Friday, December 29, 2006

Ochoa-Amaya v. Gonzales (9th Cir. - Dec. 29, 2006)

Sometimes fraud only gets you into trouble, my friends.

Ochoa-Amaya illegally enters the United States (with his parents) in 1985, when he's 7 years old. Seven years later, in 1992, Ochoa-Amaya's father -- who's a lawful permanent resident -- files a visa petition on behalf of his wife and children, including Ochoa-Amaya. But five years later, in 1997, Ochoa-Amaya effectively terminates this petition (as applied to him, anyway) once he married a U.S. citizen. Since now he's entitled to adjustment of status on his own account, based upon his marriage to a U.S. citizen.

Sounds fine, right? Except for one thing. Do you find it just a tiny bit fishy that the bride chosen by Ochoa-Amaya -- who was 19 years old at the time -- was a spunky 74 year-old U.S. citizen? Perhaps true love knows no boundaries? Or maybe -- just maybe -- something else is at work here.

As it happens, a couple of months after he "marries" his 74 year-old bride, Ochoa-Amaya gets caught crossing the border illegally (after returning from Mexico from, sadly enough, his brother's funeral). This would be no problem, right, since he's married to a U.S. citizen. Except for one thing. One of the dangers of marrying a 74 year-old in order to obtain citizenship is the very real possibility that your spouse might die before the INS adjusts your status. Which, indeed, happens here. Which in turn means that Ochoa-Amaya is up (a smelly) creek without the proverbial paddle. He would have had his status adjusted due to his father's application if he hadn't gotten married; indeed, the rest of his siblings became lawful permanent residents in that way. But since he went the marriage route, his status as a child doesn't work anymore, and once his spouse dies, that route to lawful status doesn't work either. Which means that Ochoa-Amaya gets deported, and Judge Trott affirms.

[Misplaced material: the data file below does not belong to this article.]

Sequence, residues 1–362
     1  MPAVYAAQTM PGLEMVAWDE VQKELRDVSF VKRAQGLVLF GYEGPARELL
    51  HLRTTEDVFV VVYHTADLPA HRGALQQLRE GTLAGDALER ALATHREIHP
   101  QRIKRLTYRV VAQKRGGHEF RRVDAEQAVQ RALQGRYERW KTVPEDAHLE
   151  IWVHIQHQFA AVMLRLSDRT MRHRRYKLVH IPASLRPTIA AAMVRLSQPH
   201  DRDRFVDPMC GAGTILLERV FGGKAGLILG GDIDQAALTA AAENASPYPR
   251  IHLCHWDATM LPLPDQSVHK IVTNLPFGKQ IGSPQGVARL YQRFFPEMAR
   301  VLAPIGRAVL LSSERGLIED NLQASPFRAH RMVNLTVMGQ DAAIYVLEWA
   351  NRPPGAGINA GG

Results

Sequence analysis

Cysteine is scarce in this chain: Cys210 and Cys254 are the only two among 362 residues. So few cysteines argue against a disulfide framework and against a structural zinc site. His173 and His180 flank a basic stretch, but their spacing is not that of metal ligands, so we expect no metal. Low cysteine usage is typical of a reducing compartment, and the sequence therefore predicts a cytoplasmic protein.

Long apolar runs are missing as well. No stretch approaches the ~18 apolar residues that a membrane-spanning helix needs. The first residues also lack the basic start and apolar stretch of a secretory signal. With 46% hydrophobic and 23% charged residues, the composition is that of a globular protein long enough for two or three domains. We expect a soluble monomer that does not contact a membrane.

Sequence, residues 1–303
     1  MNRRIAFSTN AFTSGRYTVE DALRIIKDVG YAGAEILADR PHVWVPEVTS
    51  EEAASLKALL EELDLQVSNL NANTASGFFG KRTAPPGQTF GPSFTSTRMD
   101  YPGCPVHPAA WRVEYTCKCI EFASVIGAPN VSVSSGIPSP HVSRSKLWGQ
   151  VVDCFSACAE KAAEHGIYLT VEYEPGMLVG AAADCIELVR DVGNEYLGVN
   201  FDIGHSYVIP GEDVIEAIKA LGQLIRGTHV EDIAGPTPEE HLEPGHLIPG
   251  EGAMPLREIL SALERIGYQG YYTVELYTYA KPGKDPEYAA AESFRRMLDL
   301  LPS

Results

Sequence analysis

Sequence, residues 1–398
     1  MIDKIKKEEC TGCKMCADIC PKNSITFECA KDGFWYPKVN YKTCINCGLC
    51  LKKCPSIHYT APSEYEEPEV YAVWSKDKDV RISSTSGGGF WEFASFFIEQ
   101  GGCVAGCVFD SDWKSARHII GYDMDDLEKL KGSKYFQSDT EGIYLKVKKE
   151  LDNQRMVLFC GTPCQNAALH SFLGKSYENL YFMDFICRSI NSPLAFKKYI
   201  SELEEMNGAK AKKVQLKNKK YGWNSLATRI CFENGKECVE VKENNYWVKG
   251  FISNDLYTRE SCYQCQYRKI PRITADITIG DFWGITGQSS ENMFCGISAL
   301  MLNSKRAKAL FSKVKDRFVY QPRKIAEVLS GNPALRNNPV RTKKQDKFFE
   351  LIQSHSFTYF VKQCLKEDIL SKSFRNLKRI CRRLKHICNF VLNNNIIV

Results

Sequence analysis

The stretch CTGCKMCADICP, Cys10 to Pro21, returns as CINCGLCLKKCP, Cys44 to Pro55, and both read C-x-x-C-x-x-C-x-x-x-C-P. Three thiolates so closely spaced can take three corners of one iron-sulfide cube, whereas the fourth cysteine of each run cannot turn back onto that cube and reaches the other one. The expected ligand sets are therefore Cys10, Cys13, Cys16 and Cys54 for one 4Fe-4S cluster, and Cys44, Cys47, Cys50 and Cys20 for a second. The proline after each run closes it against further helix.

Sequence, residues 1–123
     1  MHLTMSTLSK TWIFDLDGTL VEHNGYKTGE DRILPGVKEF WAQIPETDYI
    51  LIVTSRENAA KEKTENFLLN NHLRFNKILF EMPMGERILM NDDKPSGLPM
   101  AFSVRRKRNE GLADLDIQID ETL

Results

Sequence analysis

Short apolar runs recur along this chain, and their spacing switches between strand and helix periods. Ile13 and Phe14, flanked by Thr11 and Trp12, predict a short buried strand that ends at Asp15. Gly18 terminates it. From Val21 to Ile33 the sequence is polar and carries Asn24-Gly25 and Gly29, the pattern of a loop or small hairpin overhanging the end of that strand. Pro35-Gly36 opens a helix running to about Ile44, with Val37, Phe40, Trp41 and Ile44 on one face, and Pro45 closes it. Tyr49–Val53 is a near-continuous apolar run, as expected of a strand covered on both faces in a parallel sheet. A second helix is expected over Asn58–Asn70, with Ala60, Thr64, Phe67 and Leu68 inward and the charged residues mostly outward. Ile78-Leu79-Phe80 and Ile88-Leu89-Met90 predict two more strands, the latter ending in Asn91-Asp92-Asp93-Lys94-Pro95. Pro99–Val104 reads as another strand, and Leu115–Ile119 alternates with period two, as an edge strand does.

There's another way to look at what transpired here, of course. Perhaps true love -- a love so strong that it both survived and flourished notwithstanding the flouting of social convention and intense public scorn -- between the 19-year old Ochoa-Amaya and his 74 year-old soulmate led, in the end, to tragedy, including the banishment of Ochoa-Amaya from country he's known and loved since he was 7 years old.

That's a possibility, obviously. And, if so, a tragic lesson. But, honestly, I think that the more likely lesson to be learned is that fraud doesn't pay. And that's one that makes me far less sad.